The head of the New Development Bank says the bank wants an international banking system with more than one centre of power.
In an interview with the Financial Times on Tuesday, Dilma Rousseff, the head of the international bank, said that nearly 15 countries have asked to join the New Development Bank.
Rousseff, who used to be the president of Brazil and is now in charge of the Shanghai-based lender, said that it’s likely to accept and approve four or five new members, but she would need to find out which countries they were.
The official said that one of the BRICS bank’s top goals is to spread its geographical presence.
“We expect to lend between $8 billion and $10 billion this year,” she told the Financial Times. “Our goal is to lend about 30% of all the money we give out… in local currency.”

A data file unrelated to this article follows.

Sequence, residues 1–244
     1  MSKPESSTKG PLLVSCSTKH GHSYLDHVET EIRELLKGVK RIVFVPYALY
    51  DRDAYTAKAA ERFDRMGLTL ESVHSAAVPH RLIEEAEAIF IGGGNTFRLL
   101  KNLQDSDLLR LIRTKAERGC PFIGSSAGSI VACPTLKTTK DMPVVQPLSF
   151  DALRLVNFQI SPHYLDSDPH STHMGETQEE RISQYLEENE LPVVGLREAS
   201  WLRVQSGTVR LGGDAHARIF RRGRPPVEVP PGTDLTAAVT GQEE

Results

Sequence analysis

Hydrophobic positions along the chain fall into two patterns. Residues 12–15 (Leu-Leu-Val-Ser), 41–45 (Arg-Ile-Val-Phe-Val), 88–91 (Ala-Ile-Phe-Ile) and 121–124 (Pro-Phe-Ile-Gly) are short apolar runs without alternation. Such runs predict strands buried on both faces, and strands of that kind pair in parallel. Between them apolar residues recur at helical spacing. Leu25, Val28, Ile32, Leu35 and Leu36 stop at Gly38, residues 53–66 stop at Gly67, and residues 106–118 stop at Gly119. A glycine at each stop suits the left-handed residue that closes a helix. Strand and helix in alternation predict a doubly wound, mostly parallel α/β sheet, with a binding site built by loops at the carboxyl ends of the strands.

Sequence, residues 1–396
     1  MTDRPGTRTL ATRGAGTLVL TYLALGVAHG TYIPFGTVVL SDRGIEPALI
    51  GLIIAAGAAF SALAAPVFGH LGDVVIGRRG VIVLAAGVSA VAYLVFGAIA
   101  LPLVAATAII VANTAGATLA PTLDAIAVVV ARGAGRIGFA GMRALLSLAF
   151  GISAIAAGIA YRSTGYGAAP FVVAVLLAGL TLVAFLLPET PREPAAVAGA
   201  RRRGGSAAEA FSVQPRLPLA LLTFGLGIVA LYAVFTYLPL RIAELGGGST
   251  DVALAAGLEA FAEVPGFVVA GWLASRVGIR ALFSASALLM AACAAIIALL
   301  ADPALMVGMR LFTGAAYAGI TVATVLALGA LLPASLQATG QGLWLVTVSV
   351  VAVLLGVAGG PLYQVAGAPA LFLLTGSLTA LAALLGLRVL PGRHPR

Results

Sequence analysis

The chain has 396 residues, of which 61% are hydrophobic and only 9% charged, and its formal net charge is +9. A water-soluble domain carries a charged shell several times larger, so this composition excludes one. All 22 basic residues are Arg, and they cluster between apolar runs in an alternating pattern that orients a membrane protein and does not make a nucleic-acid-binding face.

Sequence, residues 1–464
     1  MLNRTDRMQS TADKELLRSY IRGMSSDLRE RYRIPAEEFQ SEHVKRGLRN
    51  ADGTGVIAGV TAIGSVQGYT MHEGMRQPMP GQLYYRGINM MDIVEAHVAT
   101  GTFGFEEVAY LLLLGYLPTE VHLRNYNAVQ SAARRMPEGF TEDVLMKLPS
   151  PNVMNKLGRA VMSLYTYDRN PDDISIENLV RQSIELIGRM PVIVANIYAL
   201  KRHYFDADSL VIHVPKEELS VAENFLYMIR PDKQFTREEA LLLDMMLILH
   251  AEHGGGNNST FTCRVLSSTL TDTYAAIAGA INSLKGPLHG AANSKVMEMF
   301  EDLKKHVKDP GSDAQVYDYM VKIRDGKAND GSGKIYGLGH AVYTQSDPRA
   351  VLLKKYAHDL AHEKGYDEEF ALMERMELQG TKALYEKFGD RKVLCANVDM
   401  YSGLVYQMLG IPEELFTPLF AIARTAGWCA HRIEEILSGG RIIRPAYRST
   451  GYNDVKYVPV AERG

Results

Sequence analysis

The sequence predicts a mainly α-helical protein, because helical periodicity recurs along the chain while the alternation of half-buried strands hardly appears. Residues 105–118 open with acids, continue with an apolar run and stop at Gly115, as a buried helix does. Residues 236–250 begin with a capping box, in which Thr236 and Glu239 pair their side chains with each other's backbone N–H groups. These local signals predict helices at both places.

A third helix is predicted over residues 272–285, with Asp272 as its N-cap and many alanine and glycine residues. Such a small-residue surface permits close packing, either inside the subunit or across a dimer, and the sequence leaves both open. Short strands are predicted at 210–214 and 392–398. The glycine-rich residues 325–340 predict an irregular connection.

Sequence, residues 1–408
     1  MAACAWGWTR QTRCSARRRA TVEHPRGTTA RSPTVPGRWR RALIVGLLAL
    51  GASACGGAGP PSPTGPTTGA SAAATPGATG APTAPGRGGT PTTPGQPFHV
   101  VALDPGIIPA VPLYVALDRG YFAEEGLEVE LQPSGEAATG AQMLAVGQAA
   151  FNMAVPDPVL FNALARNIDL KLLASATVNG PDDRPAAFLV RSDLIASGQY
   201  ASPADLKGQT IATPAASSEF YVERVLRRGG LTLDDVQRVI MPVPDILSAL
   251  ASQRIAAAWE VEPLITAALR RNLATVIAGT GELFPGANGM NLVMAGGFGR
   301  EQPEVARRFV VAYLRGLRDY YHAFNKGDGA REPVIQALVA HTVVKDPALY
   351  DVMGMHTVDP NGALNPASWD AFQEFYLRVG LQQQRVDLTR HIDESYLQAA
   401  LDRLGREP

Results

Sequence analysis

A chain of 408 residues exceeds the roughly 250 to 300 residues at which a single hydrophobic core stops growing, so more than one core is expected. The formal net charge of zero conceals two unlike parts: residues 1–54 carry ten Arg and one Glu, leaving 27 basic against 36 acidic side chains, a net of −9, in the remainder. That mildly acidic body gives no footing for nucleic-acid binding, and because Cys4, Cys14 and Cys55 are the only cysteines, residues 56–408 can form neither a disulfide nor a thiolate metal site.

She also said that the NDB plans to start dealing in South African and Brazilian currencies to become less dependent on the US dollar; this is part of the lender’s efforts to diversify the international financial system.
Rousseff says that the international organisation will give loans in South Africa in rand and do “the same thing in Brazil with the real.”
“We’ll try to either change currencies or borrow money. And also in rupees,” she said, adding that the bank already lends money in yuan.
The NDB was started in 2014 by the BRICS group, which comprises Brazil, Russia, India, China, and South Africa. Its goal is to fund infrastructure and projects that help the environment.
The bank started doing business for real in 2015. Afterwards, Bangladesh, the United Arab Emirates, Egypt, and Uruguay joined. The NDB was set up as an option for the IMF and World Bank, both controlled by the US.